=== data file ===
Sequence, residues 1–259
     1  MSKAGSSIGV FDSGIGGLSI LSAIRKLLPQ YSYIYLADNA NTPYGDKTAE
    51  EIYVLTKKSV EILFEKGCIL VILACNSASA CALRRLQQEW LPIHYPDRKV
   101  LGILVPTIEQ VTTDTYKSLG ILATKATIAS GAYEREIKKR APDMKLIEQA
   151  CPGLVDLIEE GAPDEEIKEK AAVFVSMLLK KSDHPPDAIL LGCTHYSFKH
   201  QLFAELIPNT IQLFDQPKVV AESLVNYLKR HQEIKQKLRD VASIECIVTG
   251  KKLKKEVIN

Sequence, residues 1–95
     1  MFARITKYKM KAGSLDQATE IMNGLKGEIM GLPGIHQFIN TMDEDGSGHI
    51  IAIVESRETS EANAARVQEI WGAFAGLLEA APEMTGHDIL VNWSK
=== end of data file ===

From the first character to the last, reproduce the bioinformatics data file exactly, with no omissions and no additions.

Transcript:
Sequence, residues 1–259
     1  MSKAGSSIGV FDSGIGGLSI LSAIRKLLPQ YSYIYLADNA NTPYGDKTAE
    51  EIYVLTKKSV EILFEKGCIL VILACNSASA CALRRLQQEW LPIHYPDRKV
   101  LGILVPTIEQ VTTDTYKSLG ILATKATIAS GAYEREIKKR APDMKLIEQA
   151  CPGLVDLIEE GAPDEEIKEK AAVFVSMLLK KSDHPPDAIL LGCTHYSFKH
   201  QLFAELIPNT IQLFDQPKVV AESLVNYLKR HQEIKQKLRD VASIECIVTG
   251  KKLKKEVIN

Sequence, residues 1–95
     1  MFARITKYKM KAGSLDQATE IMNGLKGEIM GLPGIHQFIN TMDEDGSGHI
    51  IAIVESRETS EANAARVQEI WGAFAGLLEA APEMTGHDIL VNWSK